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How 10x Genomics Could Help Change How Parkinson's Disease Is Treated

By Keith Speights - Apr 6, 2021 at 8:02AM

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The company's technology is helping researchers understand the genetic underpinnings of the disease.

10x Genomics (TXG -1.34%) markets technology that is being used to research many diseases. Its platforms are used by researchers across the world. In this video recorded on March 11, 2021, Motley Fool CEO and co-founder Tom Gardner talks with 10x Genomics CEO and co-founder Serge Saxonov about what types of organizations are using his company's technology and how 10x is helping change how Parkinson's disease is treated.

Tom Gardner: I guess I'd like to hear Serge from you, who all is using your technology. Then I'm going to my second, we're probably going to go two-by-two on questions. Then I will turn it back to Keith.

My two questions will be, who all is using the technology? Then maybe let's take a single example. Let's take Parkinson's disease and hear what you think might happen in the future. What's happening with it now, if anything, hear how you think this technology might help us come up with some new solutions to an affliction like Parkinson's. So who's using it? Then that simple example.

Serge Saxonov: Our customers, for the most part, are academic researchers, scientists who are trying to make discoveries. These are research institutions, universities, genome centers, colleges. There's different surveys that get made of what are the top researching institutions in the world. We're in all of them, like the top 100 institutions, for example, and it's one of those things where we have instruments that we sell to go into those institutions.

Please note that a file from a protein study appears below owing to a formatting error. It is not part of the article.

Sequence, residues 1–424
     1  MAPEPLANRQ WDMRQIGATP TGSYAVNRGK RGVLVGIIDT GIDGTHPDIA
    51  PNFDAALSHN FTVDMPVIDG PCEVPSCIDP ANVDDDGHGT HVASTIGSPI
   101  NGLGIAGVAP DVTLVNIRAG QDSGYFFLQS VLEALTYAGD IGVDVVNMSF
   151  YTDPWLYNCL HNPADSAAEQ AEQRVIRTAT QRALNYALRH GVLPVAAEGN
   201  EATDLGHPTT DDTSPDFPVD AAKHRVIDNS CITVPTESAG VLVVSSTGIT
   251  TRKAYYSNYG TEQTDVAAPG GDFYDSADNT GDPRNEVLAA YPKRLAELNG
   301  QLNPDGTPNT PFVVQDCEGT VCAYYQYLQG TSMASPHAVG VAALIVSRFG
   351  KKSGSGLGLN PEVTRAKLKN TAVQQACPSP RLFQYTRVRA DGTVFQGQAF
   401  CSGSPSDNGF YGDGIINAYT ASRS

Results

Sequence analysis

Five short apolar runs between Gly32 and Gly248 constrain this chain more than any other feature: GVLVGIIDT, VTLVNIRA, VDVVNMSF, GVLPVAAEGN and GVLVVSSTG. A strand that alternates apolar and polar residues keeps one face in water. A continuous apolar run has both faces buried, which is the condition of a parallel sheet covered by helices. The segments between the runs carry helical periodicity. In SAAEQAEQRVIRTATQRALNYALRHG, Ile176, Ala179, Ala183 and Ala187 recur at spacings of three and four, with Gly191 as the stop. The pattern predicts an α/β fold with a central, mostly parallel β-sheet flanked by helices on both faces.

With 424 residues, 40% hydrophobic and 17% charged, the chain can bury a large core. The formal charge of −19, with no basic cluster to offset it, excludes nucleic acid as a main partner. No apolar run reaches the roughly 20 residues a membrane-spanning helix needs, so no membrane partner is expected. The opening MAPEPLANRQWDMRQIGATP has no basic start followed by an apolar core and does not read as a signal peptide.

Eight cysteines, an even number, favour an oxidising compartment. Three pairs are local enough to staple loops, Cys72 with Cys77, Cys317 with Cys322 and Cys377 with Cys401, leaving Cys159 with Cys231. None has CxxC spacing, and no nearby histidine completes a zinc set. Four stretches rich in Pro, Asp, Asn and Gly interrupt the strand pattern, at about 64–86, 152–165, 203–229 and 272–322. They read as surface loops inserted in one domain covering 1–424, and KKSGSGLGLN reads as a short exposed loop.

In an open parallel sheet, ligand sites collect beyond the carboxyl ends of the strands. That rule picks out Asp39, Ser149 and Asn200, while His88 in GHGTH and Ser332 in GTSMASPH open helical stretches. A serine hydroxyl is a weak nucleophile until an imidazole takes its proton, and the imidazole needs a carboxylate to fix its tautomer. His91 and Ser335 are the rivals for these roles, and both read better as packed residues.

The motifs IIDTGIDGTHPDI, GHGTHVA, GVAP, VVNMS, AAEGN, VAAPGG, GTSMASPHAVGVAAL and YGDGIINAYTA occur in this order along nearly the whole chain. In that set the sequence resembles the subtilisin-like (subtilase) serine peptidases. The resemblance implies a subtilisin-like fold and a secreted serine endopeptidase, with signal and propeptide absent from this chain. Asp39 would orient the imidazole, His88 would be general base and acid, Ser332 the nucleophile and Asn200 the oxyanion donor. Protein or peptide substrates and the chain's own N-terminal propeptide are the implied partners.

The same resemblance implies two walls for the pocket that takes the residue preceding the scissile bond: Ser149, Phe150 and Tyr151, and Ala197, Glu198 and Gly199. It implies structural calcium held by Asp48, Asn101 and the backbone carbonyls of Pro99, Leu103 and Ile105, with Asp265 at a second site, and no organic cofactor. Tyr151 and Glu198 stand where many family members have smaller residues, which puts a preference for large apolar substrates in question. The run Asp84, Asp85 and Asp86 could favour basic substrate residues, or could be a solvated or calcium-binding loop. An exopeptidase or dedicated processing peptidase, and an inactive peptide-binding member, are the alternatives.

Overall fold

Usually, there's many, many labs in all of them, and so we tend to over time we grow both those in terms of the number of institutions that purchase our products, but also the number of labs within those institutions that purchase our products.

Academia is a huge part of our business. Also a big and rapidly growing part of our business is pharmaceutical companies and biotechnology companies, so companies that are developing therapies and drugs and vaccines to treat diseases. They tend to follow the academia, those academics almost by definition, they'd like to jump into new technologies because that allows them to be on the cutting edge to make discoveries in front of others.

Pharmaceutical companies see what happens in the academia world and then they follow and adopt new technologies, and we're seeing that happening now. By the same measure, if you look at top 20 global biopharmaceutical companies for example, they're all customers of ours and for the most part, large customers of ours.

But you also see a very long tail of smaller biotechnology companies that are working on developing drugs for particular indications, that they are also customers, so that's to give you a broad spectrum. I guess one other customer type is more of hospitals or at least academic hospitals, where people are starting to think in terms of how this technology might apply in the clinical setting. This we see as a huge part of our future, but it is early days for now, although those customers exist as well.